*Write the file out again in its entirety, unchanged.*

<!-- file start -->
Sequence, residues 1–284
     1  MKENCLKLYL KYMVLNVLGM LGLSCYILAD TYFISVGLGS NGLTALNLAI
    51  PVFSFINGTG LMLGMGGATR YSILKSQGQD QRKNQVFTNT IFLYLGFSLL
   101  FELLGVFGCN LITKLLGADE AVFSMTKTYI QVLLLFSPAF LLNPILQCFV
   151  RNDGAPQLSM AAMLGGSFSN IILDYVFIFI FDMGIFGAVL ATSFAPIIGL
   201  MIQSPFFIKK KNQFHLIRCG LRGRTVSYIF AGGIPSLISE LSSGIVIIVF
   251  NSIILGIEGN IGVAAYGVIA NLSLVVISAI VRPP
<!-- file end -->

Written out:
Sequence, residues 1–284
     1  MKENCLKLYL KYMVLNVLGM LGLSCYILAD TYFISVGLGS NGLTALNLAI
    51  PVFSFINGTG LMLGMGGATR YSILKSQGQD QRKNQVFTNT IFLYLGFSLL
   101  FELLGVFGCN LITKLLGADE AVFSMTKTYI QVLLLFSPAF LLNPILQCFV
   151  RNDGAPQLSM AAMLGGSFSN IILDYVFIFI FDMGIFGAVL ATSFAPIIGL
   201  MIQSPFFIKK KNQFHLIRCG LRGRTVSYIF AGGIPSLISE LSSGIVIIVF
   251  NSIILGIEGN IGVAAYGVIA NLSLVVISAI VRPP